Equitable Defense of Waiver Allowed Husband Credit for Spousal Maintenance Payments Made Directly to Wife
Trial court properly credited husband with spousal maintenance payments made directly to the wife and not to the Arizona Support Payment Clearinghouse; equitable defense of waiver meant husband’s direct payments were permitted by law after court hearing.
Trial Court Rejected Wife’s Hyper-Technical Argument for Payment Arrears
According to the spouses’ consent decree of legal separation which was converted to a divorce, husband was to pay spousal maintenance for three years in the amount of $3,000.00 per month. When he fell behind on this obligation, the wife petitioned for support nonpayment claiming $35,000.00 in arrearages. Admitting to some arrears, husband sought credit for the $18,210.00 in payments he made directly to wife. He provided the cancelled checks cashed by the obligee-spouse as proof of payment.
After the hearing, the trial court credited husband for the direct payments over wife’s argument that ARS § 46-441(H) prohibits crediting for direct payments, other than to the Clearinghouse, “unless the direct payments were ordered by the court, or made pursuant to a written support agreement by the parties.”
The trial court reasoned, first, that the parties’ consent decree was a written agreement that did not specifically prohibit husband from paying wife directly. And second, wife failed to assert ARS § 46-441(H) as a statutory defense when she accepted direct support payments. The court found wife’s “hyper-technical argument” unreasonable given she did not dispute the payments. Husband was credited for the direct payments made and awarded $1,025.00 in attorneys’ fees. Wife appealed.
Direct Support Payments Not Absolutely Prohibited
On review, the Court of Appeals analyzed two Arizona statutes and the parties’ competing arguments. On the one hand, wife argued the trial court erred because ARS § 46-441(B, H) precluded crediting obligor for direct support payments to the obligee in the absence of a court order or written agreement between the parties.
On the other hand, husband argued that ARS § 25-510(G) supported the trial court’s ruling in that:
“Any direct payments not paid through the Clearinghouse or any equitable credits of principal or interest permitted by law and allowed by the court after a hearing shall be applied to support arrearages as directed in the court order. The court shall make specific findings in support of any payments or credits allowed.”
In its final analysis, the appeals court determined that ARS § 25-510 authorizes trial courts to credit direct support payments “if the obligor meets his burden of proving he made support payments not shown in the Clearinghouse records.” This husband met the burden of proof with cancelled checks. ARS § 25-510(G) contemplates a court hearing to “determine whether an obligor is entitled to credit for ‘[a]ny direct payments not paid through the Clearinghouse or any equitable credits of principal or interest permitted by law[.]’”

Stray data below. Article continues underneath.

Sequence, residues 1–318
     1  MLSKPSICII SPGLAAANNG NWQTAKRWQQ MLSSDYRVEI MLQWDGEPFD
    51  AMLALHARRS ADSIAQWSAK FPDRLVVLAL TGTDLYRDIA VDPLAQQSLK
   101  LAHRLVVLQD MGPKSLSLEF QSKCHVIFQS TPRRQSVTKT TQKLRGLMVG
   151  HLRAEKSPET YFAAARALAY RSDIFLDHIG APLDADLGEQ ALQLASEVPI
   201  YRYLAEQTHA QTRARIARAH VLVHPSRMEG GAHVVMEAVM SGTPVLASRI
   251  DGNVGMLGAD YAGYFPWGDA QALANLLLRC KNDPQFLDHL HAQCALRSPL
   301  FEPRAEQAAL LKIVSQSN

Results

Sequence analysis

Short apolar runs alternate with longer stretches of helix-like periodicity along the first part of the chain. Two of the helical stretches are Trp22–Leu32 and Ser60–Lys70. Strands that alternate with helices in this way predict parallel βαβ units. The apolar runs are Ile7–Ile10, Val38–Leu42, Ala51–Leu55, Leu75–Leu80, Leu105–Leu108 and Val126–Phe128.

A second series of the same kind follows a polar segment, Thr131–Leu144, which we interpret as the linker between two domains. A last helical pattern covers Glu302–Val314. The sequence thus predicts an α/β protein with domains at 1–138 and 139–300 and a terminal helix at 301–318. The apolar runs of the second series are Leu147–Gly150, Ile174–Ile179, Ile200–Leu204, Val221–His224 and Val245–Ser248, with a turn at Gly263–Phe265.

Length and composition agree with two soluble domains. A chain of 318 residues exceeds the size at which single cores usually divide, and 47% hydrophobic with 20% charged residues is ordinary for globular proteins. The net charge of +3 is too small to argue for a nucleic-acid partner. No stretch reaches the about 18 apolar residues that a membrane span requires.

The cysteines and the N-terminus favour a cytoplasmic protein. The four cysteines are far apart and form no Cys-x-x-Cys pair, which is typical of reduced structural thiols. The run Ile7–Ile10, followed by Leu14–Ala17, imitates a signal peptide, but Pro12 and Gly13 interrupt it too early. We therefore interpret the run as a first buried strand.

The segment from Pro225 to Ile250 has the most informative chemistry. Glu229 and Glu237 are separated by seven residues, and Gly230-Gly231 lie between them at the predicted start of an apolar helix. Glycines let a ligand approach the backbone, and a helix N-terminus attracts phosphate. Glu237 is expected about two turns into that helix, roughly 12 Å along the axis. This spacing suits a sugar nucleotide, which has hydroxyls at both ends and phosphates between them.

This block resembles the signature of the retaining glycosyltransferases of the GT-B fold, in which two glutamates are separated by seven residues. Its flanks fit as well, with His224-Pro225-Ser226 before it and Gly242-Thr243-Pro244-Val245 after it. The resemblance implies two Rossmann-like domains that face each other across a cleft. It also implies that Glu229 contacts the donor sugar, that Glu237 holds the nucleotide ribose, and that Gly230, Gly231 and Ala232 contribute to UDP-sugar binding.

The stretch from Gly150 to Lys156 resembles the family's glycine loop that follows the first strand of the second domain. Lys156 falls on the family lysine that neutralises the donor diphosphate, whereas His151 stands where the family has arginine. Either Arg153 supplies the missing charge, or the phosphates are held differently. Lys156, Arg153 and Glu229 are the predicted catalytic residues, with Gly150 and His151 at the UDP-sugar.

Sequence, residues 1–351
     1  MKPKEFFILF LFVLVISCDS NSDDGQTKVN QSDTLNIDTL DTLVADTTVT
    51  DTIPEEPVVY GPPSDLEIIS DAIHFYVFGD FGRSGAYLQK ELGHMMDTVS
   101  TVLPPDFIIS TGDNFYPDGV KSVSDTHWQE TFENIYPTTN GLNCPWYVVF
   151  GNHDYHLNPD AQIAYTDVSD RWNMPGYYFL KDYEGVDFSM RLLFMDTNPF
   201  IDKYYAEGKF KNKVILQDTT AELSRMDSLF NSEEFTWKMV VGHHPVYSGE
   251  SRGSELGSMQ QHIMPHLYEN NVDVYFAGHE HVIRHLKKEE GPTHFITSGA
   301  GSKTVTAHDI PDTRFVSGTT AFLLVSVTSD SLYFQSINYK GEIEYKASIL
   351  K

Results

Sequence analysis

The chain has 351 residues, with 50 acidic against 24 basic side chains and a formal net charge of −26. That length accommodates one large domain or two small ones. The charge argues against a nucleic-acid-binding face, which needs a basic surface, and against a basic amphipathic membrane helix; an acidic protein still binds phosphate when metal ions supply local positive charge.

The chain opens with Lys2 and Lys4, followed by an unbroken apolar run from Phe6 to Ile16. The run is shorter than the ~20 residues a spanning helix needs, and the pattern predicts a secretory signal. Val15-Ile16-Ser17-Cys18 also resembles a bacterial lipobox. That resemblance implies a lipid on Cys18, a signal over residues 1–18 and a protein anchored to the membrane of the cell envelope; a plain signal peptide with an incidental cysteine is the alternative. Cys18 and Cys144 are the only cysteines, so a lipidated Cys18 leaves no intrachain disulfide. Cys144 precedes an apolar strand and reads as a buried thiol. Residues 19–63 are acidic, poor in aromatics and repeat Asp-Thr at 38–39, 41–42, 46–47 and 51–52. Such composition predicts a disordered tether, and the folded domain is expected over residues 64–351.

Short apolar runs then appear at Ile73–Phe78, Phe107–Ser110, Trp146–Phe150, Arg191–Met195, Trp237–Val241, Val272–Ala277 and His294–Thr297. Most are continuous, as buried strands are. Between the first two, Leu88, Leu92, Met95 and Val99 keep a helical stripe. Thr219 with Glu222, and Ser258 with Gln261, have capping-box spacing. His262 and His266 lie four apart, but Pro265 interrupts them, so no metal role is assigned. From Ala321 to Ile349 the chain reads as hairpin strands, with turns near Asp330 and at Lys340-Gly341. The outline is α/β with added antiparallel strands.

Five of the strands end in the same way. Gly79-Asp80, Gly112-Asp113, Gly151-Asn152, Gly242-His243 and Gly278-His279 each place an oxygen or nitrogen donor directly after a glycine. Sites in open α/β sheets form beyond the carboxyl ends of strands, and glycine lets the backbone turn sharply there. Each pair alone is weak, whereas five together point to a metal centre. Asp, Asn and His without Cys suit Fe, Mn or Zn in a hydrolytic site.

Equitable Defense of Waiver Available in Divorce Proceedings
Interpreting ARS § 46-411 less narrowly than wife through her divorce attorney, the Court of Appeals noted that ARS § 25-510(G) lets the trial court allow credit for direct payments to an obligee when such direct payments are “permitted by law.” And because dissolution of marriage actions are considered to be equitable actions, the trial court has full equitable powers. One equitable defense in Arizona is a waiver to claims for support arrearages.
Did the husband establish the equitable defense of waiver? Yes. The trial court properly credited husband’s direct support payments to the wife because those payments were permitted by law.
To establish waiver, the obligor must show by “clear and compelling evidence” that the obligee-spouse “voluntarily and intentionally abandoned a known right.” According to the spouses’ consent decree, husband was to make spousal maintenance payments by wage assignment through the Clearinghouse. However, the wife accepted each of his direct payments without raising any statutory defense.
Also, the appeals court found that husband’s hands were clean (in equity) as he sought no reduction or relief from the support arrears he owed. Nor did the wife dispute husband’s having made payments to her directly. Therefore, the wife “waived her claim for arrearages resulting from the direct payments.” Furthermore, not crediting husband $18,210.00 for his direct support payments would mean a windfall for the wife. That result would be inequitable.
The Court of Appeals affirmed the trial court’s rulings. Because direct payments were permitted by law given husband’s equitable defense of waiver, the trial court did not err in crediting the direct payments. As of December 31, 2015, the total spousal maintenance arrearages were held to be $15,724.64 plus interest in the amount of $1,245.61. The lower court’s grant of attorneys’ fees to the husband was also affirmed.
Schultz v. Schultz, 1 CA-CV 16-0316 FC (Ariz. Ct. App. July 20, 2017)
For precise language, read the court’s original opinion. Legal citations omitted.
To learn more about support for a spouse in Arizona divorce law, take a look at our discussion regarding important spousal maintenance details.